Environmental Biology of Fishes

, Volume 92, Issue 1, pp 13–23 | Cite as

Linkages among physical and biological properties in tidepools on the Maine Coast



Tidepools experience significant gradients in ecologically relevant physical variables along the transition from ocean to terrestrial habitat (vertical axis) and from open coast to inner bays (horizontal axis). Associations amongst physical and biological variables, divided into algal, invertebrate and vertebrate (fish) groups, were examined in a tidepool survey dataset. Physical variables and the three biological groups were submitted separately to a principal component analysis (PCA). PCA scores were evaluated with Pearson correlation coefficients across the sampling units (tidepools) to identify significant correlations. Initially little structure in the data and no correlation amongst variables was present. At the onset of summer, correlations were confined amongst physical variables and algal and invertebrate components, followed in the late summer with correlations between invertebrate and fish components. By the fall, correlations were confined to fish and algal/invertebrate components. Species relationships followed a seasonal cycle with a succession from little to no structure, the forming of low trophic level relationships in the early summer to high trophic level relationships in late summer-fall, and deconstruction of structure with the onset of fall-winter storms and ice scour. The seasonal pattern, and well established vertical gradient, has nested within it species composition changes along a horizontal wave energy gradient. The horizontal gradient results in a shift from species which are physiologically adapted to extreme salinities and temperatures to those which are physically adapted to high wave-energy environments.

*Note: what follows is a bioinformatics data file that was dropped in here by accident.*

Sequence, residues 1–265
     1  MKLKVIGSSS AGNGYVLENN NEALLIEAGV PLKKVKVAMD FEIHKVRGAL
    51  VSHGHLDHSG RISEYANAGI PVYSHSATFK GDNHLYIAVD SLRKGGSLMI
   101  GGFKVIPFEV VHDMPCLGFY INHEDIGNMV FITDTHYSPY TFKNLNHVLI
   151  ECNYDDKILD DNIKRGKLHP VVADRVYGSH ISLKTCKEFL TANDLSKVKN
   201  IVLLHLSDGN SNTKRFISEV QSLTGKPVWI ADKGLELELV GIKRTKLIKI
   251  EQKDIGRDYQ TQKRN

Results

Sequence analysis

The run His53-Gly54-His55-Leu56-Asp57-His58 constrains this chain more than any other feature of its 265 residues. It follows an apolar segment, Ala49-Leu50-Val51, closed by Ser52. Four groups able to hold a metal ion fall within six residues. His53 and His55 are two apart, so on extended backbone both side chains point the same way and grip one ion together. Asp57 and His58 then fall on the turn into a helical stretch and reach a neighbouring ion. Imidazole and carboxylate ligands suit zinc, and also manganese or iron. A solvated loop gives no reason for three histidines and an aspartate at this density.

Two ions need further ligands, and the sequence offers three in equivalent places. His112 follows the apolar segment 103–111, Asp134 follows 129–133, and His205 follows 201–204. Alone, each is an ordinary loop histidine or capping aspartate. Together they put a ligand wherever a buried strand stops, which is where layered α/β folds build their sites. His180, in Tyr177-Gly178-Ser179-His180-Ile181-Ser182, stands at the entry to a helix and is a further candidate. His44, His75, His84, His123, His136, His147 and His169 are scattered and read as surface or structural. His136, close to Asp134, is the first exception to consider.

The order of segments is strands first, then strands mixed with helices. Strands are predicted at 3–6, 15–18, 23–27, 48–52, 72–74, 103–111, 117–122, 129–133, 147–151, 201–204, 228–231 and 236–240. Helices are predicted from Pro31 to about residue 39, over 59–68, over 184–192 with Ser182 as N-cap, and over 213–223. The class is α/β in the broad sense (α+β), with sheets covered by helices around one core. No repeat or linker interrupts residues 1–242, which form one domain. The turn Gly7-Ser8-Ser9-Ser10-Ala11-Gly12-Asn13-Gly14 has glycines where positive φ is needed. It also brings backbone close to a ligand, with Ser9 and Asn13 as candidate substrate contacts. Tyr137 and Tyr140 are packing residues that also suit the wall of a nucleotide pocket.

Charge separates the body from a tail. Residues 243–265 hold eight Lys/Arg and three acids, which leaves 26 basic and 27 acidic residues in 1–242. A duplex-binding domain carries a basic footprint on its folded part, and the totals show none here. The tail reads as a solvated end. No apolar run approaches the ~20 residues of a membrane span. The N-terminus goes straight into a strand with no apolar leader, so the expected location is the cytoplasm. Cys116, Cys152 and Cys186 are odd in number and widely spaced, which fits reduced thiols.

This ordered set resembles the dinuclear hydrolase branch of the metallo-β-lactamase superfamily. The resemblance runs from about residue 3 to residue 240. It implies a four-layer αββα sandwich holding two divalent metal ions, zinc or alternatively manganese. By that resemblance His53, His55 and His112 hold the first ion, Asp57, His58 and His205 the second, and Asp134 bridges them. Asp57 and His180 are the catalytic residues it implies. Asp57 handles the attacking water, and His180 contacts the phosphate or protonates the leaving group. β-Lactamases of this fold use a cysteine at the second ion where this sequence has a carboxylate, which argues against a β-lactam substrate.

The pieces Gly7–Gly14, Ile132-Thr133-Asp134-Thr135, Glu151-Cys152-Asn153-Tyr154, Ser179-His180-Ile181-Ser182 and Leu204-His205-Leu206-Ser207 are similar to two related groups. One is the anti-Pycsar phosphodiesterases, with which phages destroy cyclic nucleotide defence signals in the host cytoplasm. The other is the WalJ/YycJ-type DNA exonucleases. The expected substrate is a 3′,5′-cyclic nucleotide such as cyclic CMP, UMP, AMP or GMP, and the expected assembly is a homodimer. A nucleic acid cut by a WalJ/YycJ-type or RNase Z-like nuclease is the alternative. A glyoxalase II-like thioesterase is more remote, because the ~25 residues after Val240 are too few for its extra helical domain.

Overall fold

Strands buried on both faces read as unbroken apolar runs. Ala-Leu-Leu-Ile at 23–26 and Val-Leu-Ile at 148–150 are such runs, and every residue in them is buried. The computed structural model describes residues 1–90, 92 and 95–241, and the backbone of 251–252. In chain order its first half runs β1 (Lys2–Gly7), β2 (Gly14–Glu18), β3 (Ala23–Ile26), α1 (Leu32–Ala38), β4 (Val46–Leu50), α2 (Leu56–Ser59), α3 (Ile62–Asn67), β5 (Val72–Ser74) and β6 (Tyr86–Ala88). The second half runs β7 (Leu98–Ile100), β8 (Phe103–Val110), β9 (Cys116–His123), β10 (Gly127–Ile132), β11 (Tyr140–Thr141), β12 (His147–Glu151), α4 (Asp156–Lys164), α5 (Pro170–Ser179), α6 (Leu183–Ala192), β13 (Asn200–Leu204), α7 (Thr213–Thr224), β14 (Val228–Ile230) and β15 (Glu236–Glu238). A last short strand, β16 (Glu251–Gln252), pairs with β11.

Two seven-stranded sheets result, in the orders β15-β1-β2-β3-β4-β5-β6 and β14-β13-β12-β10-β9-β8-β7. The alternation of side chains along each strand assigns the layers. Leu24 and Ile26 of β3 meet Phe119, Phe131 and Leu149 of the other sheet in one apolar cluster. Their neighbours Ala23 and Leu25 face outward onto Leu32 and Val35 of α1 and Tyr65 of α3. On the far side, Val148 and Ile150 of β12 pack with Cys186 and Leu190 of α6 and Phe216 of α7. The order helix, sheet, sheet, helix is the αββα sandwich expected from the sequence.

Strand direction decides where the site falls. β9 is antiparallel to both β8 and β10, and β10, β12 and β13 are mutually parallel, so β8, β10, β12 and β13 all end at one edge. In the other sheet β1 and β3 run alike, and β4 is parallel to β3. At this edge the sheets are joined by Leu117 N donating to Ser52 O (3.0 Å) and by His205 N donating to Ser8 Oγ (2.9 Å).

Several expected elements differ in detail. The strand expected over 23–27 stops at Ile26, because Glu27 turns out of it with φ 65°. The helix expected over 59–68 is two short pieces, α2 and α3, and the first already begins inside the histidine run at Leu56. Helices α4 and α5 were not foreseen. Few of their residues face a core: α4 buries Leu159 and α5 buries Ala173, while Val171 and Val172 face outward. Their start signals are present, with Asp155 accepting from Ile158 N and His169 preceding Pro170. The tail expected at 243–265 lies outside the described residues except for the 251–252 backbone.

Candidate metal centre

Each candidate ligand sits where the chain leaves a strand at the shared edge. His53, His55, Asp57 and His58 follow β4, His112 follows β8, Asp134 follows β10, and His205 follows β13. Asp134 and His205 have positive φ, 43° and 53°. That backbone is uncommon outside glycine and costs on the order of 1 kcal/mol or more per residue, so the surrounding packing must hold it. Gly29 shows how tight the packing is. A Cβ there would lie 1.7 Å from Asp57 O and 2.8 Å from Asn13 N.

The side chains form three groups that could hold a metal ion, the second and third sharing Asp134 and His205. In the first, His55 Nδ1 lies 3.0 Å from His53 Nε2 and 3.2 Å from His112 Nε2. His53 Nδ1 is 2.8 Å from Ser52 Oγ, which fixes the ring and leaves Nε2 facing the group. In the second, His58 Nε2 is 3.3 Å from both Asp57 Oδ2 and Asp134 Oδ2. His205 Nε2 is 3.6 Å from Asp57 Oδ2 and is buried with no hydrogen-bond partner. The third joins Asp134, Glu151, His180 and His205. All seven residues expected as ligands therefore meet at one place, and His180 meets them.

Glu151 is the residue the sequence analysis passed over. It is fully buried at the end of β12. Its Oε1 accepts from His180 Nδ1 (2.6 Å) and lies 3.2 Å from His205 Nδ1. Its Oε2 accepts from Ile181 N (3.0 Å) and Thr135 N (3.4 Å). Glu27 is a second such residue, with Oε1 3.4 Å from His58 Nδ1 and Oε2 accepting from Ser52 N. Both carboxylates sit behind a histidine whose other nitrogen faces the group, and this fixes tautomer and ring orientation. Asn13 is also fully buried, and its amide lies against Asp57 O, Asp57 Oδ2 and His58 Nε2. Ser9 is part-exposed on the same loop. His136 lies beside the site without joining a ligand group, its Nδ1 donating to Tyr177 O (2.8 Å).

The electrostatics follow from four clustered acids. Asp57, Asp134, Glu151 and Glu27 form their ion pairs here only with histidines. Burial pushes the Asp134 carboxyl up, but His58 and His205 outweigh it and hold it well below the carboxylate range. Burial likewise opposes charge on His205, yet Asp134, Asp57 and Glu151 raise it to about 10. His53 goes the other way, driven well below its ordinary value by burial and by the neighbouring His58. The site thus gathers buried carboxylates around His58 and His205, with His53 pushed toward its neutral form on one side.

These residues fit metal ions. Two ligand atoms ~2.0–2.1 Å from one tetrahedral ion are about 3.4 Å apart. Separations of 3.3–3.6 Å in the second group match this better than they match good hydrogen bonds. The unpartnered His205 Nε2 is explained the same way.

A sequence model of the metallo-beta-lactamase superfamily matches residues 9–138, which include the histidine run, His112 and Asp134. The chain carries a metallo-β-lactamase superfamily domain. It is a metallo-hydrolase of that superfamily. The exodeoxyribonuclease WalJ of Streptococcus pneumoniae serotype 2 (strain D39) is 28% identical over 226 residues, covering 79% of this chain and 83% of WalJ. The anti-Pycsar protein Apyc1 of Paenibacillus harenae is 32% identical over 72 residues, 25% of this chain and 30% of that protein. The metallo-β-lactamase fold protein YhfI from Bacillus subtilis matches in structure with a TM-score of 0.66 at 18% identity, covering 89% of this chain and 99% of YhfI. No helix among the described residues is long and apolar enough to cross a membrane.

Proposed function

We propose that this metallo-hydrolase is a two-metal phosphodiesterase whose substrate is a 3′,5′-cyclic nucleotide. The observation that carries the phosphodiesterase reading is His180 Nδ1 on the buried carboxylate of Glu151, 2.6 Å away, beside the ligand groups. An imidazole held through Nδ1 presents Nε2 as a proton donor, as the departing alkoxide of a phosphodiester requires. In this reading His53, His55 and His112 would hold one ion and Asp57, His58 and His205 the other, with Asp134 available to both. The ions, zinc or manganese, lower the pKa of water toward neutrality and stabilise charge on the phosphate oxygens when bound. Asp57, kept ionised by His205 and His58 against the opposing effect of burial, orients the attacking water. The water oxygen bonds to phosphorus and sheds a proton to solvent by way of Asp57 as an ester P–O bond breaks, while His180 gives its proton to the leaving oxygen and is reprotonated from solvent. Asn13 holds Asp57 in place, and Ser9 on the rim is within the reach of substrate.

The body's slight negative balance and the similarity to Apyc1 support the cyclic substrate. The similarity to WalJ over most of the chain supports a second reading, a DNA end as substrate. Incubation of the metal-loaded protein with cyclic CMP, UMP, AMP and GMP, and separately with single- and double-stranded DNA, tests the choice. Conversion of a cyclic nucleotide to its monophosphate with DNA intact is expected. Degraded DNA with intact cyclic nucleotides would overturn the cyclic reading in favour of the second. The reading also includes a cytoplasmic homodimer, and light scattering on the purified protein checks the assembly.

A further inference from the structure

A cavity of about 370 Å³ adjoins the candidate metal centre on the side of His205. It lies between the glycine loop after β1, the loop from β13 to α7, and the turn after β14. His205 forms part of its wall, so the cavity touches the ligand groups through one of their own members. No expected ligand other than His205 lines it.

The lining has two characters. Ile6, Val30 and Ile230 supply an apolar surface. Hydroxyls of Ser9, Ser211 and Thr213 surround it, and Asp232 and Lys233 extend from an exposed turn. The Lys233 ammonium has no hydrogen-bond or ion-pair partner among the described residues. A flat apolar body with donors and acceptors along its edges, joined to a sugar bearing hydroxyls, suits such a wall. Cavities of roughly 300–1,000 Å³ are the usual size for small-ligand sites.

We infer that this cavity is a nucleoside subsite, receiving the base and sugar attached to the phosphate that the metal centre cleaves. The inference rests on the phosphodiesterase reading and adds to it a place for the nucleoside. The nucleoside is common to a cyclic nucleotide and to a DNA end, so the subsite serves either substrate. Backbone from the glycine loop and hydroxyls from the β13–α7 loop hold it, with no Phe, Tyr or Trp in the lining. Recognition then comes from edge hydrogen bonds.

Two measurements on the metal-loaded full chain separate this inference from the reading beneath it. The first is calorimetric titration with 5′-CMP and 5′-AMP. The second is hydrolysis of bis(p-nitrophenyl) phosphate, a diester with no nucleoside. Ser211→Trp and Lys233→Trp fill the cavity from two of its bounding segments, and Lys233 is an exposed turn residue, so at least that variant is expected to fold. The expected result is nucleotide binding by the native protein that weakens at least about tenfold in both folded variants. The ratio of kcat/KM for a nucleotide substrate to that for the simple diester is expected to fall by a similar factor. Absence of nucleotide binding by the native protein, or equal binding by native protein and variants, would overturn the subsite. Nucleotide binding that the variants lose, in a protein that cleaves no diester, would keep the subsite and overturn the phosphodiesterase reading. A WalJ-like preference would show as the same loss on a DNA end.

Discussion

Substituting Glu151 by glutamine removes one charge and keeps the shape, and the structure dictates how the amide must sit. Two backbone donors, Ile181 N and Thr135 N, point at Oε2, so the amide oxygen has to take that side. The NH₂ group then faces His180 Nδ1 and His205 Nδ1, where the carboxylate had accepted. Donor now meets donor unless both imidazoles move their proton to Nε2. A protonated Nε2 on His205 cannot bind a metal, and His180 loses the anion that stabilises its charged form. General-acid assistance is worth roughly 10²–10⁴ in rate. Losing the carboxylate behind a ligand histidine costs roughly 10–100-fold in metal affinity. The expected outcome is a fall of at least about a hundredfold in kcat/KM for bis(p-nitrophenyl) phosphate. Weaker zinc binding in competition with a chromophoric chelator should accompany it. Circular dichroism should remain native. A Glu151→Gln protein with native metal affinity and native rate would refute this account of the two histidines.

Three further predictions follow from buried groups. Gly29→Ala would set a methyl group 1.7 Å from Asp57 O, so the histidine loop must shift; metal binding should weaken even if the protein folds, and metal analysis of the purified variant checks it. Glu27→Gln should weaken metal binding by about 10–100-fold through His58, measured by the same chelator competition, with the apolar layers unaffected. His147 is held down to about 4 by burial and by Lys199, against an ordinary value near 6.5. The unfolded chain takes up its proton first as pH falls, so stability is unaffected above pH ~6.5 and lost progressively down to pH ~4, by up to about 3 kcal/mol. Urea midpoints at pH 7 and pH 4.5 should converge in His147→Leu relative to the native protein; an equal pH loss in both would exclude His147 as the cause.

Ecological multivariate statistics Principal Component Analysis Tidepool fish Intertidal Ecosystem structure 



We would like to thank the National Park Service, United States Geological Survey, Maine Sea Grant and Northeast Consortium for funding this research and providing financial support to AJ and JC. Many thanks to Pamela Bryer, Regina Purtell, Susan Hayhurst and Natasha Hussey for data collection as part of the field team. Comments from two anonymous reviewers, editorial staff of EBF, and Jeanne Brown helped improve the manuscript substantially. This work is dedicated to the memory of John Moring, a friend and colleague we all miss.


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Copyright information

© Springer Science+Business Media B.V. 2011

Authors and Affiliations

  1. 1.School of Marine SciencesUniversity of MaineOronoUSA
  2. 2.School of Marine and Atmospheric SciencesStony Brook UniversityStony BrookUSA
  3. 3.University of MaineOronoUSA
  4. 4.School of Marine Sciences, University of MaineOronoUSA

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